In a similar fashion, John Grotzinger, the project scientist for the Mars Science Labororatory Rover mission [Curiosity], and a professor of geology at Cal Tech, wrote of his admiration for 19th century explorer John Wesley Powell, who, among other things, first explored the "untamed and uncharted Colorado River and into the equally untamed and uncharted Grand Canyon":
Even with all his book learning and field work, the man did not have a clue about what he was getting into. But he did have an idea of what he was searching for. He knew it was all conjecture, but Powell had the kind of scientific hunch that comes from years of work in the field. That is why he went."
He quotes Powell as writing:
We have an unknown distance yet to run, an unknown river to explore. What falls there are, we know not; what rocks beset the channel, we know not; what walls ride over the river, we know not. Ah, well! we may conjecture many things.
And, he concludes that, ultimately, as a result of such exploration:
"Powell’s expedition rewrote the textbooks of our planet’s history."
Today, Amazon’s Jeff Bezos may be a good illustration of a modern explorer/leader, with his efforts to grow Amazon [e.g., the new Echo device, Kindles and various Prime offerings] as well as his personal ownership and involvment with space-faring Blue Origin [which he began 16 years ago], The Washington Post and other "Bezos Expeditions." Speak with people associated with these ventures and the leadership message of Bezos is consistent: delegate, without suppressing your own curiosity and expertise; constantly question the status-quo; experiment often, and then learn from those experiments. Unlike “discoverers,” Bezos is never setting out to “find what he knows to be out there,” and, in fact, he has argued that: “We need institutions that have the resources and the training and the skill, expertise, to find things;” in other words, organizations and leaders who are equipped to pursue variance-enlargement. This is a far cry from so many of today’s shareholder-value focused leaders who think only of variance-reduction: no surprises!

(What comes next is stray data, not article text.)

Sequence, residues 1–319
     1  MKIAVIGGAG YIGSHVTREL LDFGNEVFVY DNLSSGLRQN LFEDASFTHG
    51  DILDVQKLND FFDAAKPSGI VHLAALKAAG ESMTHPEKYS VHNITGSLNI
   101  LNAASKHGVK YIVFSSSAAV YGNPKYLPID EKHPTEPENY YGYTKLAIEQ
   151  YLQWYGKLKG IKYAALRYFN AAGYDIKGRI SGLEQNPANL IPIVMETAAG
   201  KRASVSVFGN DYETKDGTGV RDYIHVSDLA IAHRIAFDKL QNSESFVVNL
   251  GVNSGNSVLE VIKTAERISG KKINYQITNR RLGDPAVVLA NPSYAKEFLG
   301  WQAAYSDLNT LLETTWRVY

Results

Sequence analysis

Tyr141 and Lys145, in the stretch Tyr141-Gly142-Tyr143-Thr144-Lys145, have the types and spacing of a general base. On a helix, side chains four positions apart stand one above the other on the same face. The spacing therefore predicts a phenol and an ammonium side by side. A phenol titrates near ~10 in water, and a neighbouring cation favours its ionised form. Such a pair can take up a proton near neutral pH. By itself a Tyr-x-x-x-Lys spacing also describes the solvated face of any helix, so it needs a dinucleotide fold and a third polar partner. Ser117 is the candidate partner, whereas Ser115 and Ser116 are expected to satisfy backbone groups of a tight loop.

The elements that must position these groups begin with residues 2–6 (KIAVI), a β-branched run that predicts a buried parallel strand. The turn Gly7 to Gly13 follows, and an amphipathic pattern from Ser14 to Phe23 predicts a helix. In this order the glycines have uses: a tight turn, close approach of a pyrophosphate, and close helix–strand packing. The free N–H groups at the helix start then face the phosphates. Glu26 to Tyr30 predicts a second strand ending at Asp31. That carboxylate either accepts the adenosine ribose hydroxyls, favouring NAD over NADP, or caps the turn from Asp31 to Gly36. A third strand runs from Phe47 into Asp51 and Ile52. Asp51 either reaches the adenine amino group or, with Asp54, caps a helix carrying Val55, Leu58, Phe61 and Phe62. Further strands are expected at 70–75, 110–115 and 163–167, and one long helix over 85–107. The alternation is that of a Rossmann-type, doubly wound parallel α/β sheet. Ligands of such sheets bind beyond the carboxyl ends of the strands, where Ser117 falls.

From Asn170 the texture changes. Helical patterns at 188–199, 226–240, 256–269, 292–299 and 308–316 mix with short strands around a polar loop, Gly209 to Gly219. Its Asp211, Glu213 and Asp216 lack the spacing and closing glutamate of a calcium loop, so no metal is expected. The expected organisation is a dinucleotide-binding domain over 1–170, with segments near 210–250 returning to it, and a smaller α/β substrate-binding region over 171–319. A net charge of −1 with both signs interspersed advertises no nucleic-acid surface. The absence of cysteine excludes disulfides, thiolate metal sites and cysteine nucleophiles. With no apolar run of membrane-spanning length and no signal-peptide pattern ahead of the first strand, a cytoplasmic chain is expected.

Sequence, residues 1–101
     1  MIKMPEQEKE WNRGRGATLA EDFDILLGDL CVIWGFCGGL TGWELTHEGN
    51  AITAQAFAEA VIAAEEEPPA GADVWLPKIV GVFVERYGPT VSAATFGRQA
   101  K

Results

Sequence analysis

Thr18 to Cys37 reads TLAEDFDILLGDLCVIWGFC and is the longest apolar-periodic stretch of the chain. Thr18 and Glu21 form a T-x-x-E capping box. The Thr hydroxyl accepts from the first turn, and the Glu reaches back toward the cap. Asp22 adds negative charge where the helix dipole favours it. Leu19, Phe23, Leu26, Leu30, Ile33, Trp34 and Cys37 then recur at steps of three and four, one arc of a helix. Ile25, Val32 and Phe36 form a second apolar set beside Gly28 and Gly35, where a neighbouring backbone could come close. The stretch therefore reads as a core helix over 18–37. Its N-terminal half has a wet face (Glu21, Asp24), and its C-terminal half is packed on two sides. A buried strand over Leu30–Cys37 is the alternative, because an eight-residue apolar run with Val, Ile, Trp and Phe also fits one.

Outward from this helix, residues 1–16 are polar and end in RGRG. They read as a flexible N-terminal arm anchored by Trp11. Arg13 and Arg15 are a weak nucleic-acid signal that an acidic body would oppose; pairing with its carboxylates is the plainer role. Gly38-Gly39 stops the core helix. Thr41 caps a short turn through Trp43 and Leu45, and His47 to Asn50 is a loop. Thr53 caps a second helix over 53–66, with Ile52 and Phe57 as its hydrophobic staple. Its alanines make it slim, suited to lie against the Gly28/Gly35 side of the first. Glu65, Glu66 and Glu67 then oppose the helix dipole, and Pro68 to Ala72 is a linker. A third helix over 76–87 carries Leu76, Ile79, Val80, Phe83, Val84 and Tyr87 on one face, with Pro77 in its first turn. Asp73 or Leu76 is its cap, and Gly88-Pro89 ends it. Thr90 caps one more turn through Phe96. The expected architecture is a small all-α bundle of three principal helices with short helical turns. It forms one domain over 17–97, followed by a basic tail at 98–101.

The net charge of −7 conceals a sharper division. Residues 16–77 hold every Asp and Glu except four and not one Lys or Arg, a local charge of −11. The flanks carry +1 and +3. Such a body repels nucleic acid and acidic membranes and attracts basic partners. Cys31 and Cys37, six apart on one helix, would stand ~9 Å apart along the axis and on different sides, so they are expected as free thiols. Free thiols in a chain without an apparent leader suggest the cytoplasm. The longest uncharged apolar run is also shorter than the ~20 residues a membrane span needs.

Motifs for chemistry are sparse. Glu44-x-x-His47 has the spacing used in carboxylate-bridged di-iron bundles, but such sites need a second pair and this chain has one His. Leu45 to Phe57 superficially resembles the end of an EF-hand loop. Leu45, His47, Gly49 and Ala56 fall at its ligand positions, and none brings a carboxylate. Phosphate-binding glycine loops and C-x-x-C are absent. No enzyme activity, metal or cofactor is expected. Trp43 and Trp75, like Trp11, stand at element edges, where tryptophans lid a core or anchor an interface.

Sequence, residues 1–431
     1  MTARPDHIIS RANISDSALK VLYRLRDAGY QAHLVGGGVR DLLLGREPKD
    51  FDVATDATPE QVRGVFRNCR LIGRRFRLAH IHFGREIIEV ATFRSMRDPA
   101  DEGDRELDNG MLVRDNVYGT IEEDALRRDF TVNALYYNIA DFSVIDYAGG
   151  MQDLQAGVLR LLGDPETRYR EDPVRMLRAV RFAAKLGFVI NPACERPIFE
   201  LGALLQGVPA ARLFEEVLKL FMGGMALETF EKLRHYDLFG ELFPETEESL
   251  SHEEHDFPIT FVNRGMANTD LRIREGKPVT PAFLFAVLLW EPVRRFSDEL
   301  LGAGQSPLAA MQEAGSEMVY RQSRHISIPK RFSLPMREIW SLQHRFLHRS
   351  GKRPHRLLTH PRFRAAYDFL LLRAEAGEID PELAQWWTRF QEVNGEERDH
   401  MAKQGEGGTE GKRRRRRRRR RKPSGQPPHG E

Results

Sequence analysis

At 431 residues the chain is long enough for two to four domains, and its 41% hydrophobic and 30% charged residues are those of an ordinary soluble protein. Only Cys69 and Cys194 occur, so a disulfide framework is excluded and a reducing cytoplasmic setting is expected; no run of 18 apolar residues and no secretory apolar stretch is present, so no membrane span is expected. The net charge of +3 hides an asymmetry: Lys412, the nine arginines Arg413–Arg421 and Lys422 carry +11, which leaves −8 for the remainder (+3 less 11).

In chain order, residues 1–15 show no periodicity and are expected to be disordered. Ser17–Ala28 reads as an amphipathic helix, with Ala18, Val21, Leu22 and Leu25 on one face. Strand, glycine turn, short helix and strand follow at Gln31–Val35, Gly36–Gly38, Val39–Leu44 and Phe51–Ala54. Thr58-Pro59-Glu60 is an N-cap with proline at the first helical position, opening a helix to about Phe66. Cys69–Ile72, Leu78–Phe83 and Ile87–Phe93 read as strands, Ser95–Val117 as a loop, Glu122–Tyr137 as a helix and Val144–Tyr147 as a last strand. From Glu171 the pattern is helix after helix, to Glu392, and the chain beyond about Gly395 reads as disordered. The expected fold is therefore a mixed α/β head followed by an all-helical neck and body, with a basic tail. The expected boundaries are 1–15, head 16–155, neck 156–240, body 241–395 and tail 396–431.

In a very similar vein, Haier’s Zhang Ruimin appears to welcome the notion that we may be entering “an era of [CEOs] losing control.” Inspired by Peter Drucker’s admonition to build “an enterprise [where] common people do uncommon things,” Zhang sees such a loss of top management control as being necessary to unleash the latent entrepreneurial energy that nearly all organizations possess but fail to deploy. In Zhang’s mind: “We believe that we will lose control, step by step” in the pursuit of what Peter Drucker also had in mind as the ultimate goal of the corporation: creating more customers.